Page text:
OBJECTIVE: Integrating patient's and physician's goals, especially in elderly patients with multimorbidity, might ultimately improve care. Efforts to develop such care innovations in patients with rheumatoid arthritis (RA) are lacking. The objective of our study was to develop and to pilot test a clinic for elderly patients with RA and multimorbidity. METHODS: First, a referral strategy for and the content of an Elderly Multimorbidity Clinic (EMC) was developed. Next, the EMC was implemented, and it primarily focused on the personal goals of patients and medication review. The EMC was evaluated in a quantitative-qualitative approach. RESULTS: Referral considered useful by the rheumatologist was chosen as the referral criterion. A rheumatologist and internist-geriatrician provided care to referred patients (≥ 55 years) at the EMC during three visits over 1 year. Twenty patients with RA participated in the pilot study (mean age 76.8±7.7 years; 30% male). Only 12 (60%) patients attended the first follow-up consultation, and three (15%) attended the second follow-up consultation. During any follow-up visit, 9/12 (75%) patients achieved one or more goals. Examples of accomplished goals were reduction of medication and improvement of mobility. In 19/20 (95%) patients, medication was remediated (stop medication for 13 patients; start medication for five patients) during the first visit. After 1 year, medication was changed back in 10 patients. Rheumatologists revealed uncertainty about meaningful referral, and patients and rheumatologists mentioned high (caregiver) burden because of extra visits as reasons for not attending follow-up. Patients were satisfied with the care provided. CONCLUSION: This goal-directed EMC led to the accomplishment of at least one goal in 75% of patients. Sustained benefits could not be demonstrated because of low follow-up.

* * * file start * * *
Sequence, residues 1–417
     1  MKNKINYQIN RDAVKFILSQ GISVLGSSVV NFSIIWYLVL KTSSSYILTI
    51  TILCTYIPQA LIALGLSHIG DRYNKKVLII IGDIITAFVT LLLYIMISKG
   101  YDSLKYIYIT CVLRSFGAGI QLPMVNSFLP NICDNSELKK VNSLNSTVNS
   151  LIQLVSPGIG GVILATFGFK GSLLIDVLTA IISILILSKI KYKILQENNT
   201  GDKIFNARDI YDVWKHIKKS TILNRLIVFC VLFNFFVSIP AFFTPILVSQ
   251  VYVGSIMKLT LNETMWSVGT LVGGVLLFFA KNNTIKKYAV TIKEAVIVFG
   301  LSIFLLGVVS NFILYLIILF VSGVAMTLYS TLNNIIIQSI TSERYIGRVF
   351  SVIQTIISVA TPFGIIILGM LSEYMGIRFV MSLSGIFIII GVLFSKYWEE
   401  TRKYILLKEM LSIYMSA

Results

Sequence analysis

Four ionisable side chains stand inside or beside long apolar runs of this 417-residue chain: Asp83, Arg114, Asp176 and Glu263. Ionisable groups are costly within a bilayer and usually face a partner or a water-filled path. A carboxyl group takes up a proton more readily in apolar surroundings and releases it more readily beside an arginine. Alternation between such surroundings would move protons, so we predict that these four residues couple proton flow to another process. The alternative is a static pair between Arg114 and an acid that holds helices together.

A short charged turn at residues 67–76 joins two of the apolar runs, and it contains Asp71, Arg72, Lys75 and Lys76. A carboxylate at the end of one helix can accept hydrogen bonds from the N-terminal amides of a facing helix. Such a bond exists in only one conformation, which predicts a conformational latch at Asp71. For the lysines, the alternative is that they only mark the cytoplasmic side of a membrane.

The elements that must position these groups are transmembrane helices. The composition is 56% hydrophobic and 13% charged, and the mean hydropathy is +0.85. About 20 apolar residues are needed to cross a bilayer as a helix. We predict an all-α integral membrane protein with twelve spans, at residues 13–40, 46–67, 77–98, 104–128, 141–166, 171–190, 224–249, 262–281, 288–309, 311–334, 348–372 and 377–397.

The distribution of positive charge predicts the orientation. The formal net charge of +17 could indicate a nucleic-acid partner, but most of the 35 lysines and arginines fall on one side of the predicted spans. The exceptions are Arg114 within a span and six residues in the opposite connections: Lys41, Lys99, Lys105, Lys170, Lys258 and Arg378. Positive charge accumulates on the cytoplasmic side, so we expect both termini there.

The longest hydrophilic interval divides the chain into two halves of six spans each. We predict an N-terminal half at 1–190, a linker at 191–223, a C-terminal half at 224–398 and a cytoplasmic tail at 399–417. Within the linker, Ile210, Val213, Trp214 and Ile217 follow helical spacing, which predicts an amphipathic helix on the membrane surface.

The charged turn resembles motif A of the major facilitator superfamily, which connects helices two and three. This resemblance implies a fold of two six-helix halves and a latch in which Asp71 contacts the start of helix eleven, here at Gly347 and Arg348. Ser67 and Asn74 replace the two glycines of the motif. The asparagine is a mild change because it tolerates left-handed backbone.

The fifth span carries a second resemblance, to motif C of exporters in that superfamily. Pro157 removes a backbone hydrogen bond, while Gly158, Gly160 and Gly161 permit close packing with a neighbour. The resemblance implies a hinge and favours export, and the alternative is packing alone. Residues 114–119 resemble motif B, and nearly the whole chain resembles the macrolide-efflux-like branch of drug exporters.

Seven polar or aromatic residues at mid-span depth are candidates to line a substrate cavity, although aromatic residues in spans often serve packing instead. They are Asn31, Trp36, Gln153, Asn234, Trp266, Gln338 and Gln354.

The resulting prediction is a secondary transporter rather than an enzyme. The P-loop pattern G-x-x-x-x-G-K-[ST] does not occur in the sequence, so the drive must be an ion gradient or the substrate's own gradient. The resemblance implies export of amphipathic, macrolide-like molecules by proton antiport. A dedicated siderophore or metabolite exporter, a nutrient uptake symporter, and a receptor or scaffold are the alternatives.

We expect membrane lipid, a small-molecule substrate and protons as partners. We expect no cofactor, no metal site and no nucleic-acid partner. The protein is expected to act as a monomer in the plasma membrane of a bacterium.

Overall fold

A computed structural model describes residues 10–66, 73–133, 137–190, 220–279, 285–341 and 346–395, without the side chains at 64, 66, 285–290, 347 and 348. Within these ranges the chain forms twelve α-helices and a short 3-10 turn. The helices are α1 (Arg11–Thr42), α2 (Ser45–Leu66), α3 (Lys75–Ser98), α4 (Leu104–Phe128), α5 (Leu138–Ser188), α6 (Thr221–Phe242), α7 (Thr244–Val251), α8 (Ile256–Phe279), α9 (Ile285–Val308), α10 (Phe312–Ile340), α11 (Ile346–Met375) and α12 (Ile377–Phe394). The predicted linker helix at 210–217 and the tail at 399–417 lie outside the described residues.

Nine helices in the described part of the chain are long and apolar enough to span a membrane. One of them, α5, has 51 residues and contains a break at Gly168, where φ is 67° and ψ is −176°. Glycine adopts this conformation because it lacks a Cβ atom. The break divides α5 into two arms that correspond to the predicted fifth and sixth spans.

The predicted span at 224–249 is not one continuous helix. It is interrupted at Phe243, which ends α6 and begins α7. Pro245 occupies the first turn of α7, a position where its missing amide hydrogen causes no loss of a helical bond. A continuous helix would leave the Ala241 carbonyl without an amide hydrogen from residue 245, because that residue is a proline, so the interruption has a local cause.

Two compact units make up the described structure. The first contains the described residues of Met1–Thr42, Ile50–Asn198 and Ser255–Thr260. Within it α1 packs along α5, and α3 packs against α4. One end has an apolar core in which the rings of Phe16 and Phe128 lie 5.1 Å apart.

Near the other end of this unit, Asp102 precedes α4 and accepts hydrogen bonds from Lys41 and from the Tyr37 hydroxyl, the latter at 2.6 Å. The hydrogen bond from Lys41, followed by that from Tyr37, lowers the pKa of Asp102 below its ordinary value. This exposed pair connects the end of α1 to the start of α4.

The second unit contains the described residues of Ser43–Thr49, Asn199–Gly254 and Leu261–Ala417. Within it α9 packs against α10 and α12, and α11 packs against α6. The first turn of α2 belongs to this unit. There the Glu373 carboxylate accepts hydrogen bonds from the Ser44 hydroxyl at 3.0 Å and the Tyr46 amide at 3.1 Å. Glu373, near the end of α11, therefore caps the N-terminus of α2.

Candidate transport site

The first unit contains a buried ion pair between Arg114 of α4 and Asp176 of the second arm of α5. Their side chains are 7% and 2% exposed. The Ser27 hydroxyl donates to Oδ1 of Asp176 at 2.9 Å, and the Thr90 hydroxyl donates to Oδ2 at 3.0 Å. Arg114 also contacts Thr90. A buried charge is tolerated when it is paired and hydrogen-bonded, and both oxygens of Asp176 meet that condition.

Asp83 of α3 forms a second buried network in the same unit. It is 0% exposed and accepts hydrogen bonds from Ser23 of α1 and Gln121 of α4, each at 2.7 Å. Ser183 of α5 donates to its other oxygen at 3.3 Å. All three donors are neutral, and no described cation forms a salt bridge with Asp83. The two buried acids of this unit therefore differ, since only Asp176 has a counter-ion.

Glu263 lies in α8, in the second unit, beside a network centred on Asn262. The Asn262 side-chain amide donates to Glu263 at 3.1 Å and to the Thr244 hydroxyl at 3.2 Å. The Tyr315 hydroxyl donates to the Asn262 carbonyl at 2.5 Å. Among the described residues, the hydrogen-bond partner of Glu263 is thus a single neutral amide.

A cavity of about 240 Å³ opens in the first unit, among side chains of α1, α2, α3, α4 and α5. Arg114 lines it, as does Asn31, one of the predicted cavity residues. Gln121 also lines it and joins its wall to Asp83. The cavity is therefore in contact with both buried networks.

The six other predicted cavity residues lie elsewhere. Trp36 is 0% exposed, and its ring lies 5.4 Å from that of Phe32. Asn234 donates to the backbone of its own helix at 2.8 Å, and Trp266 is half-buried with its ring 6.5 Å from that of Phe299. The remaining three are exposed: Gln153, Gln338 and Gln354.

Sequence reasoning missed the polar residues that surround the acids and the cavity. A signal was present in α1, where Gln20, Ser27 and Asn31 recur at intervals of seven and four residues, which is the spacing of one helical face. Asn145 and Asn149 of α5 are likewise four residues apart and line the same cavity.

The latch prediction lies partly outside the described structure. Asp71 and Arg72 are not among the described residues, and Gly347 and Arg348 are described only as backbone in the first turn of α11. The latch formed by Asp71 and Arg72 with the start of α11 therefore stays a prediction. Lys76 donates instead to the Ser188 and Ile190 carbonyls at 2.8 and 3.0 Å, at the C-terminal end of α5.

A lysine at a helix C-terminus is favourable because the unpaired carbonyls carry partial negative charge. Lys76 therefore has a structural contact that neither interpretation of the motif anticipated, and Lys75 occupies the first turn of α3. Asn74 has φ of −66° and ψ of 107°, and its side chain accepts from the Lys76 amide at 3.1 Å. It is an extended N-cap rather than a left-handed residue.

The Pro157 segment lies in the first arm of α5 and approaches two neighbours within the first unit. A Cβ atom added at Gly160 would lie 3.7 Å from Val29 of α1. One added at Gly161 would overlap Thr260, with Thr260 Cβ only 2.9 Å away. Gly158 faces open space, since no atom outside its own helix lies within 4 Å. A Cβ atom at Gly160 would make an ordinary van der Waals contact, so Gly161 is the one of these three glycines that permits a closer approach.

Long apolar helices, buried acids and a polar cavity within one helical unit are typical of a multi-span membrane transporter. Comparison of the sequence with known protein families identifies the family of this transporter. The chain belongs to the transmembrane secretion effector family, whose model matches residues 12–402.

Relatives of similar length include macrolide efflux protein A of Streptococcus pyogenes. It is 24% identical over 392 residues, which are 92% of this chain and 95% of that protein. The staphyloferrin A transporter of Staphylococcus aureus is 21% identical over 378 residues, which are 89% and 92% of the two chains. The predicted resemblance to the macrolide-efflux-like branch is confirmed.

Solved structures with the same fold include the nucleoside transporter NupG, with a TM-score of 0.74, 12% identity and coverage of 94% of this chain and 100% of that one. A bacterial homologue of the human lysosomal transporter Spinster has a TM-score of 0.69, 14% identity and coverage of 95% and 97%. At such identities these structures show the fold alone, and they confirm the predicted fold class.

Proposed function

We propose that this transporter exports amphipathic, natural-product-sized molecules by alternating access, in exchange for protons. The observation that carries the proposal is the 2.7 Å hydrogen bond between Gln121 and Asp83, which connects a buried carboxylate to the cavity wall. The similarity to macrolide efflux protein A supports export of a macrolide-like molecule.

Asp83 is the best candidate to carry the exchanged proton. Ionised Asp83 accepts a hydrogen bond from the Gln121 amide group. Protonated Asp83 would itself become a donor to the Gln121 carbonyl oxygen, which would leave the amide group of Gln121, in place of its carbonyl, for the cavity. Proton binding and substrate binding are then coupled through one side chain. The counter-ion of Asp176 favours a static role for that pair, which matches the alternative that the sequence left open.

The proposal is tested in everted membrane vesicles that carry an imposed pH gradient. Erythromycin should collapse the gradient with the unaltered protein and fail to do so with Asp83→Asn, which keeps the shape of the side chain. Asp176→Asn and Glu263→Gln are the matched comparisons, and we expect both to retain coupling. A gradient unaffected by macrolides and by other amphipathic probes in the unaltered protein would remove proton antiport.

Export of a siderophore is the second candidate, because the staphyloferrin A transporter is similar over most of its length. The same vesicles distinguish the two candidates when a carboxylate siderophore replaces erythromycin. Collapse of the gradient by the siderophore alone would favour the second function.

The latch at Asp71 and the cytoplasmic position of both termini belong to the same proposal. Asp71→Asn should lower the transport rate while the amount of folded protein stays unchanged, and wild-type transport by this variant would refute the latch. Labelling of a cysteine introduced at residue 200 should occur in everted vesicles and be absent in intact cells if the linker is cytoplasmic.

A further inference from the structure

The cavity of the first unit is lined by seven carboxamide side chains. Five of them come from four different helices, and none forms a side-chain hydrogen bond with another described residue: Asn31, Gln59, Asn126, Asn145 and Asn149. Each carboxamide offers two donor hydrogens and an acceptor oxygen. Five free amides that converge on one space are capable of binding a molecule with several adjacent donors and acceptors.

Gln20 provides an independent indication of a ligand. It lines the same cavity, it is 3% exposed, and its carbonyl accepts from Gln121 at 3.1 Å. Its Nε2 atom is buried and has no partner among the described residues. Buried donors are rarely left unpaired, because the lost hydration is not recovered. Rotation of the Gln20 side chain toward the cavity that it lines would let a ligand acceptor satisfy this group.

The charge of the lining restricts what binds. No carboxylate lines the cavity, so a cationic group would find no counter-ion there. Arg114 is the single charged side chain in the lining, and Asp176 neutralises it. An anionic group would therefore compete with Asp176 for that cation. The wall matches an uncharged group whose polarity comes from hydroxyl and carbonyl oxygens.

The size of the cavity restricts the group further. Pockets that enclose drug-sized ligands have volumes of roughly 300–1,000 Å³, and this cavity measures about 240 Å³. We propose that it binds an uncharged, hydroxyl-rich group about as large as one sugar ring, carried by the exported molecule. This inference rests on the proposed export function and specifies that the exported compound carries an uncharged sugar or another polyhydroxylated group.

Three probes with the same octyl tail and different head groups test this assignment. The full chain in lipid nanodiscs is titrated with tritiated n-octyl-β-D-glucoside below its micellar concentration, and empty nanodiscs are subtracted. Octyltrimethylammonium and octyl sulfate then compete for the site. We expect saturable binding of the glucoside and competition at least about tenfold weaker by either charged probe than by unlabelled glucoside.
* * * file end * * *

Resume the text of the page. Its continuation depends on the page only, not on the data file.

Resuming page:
10.
J Rheumatol ; 2020 Nov 15.
Artigo em Inglês | MEDLINE | ID: mdl-33191282

RESUMO

OBJECTIVE: To explore the possibility of integrating patient-important outcomes like pain, fatigue and physical function into the evaluation of disease status in early rheumatoid arthritis (ERA), without compromising correct disease activity measurement. METHODS: Patients from the 2-year Care-in-early-Rheumatoid-Arthritis (CareRA) trial were included. Pain and fatigue (visual analogue scales), Health Assessment Questionnaire (HAQ), standard components of disease activity (swollen/tender joint counts (SJC/TJC), C-reactive protein (CRP) or erythrocyte sedimentation rate (ESR), Physician (Ph) and Patient's (Pa) global health (GH)) were recorded at every visit (n=10). Pearson correlation and exploratory factor analyses (EFAs), using multiple imputation (15 times) and outputation (1000 times), were performed per timepoint and overall, on standard components of disease activity scores with and without pain, fatigue and HAQ. Each of the 15 000 datasets was analyzed with principal component extraction and oblimin rotation to determine which variables belong together. RESULTS: We included 379 patients. EFAs on standard composite score components extracted 2 factors with no substantial cross-loadings. Still, pain (0.83), fatigue (0.65) and HAQ (0.59) were strongly correlated with PaGH. When rerunning the EFAs with the inclusion of pain, fatigue and HAQ, the 2-factor model had substantial cross-loadings between factors. However, a 3-factor model was optimal, with Factor 1: Patient's assessment, Factor 2: Clinical assessment (PhGH, SJC and TJC), and Factor 3: Laboratory (ESR/CRP). CONCLUSION: PaGH, pain, fatigue, and physical function represent a separate aspect of the disease burden of ERA patients, that could be further explored as a target for care apart from disease activity.

11.
Ann Rheum Dis ; 2020 Nov 06.
Artigo em Inglês | MEDLINE | ID: mdl-33158877

RESUMO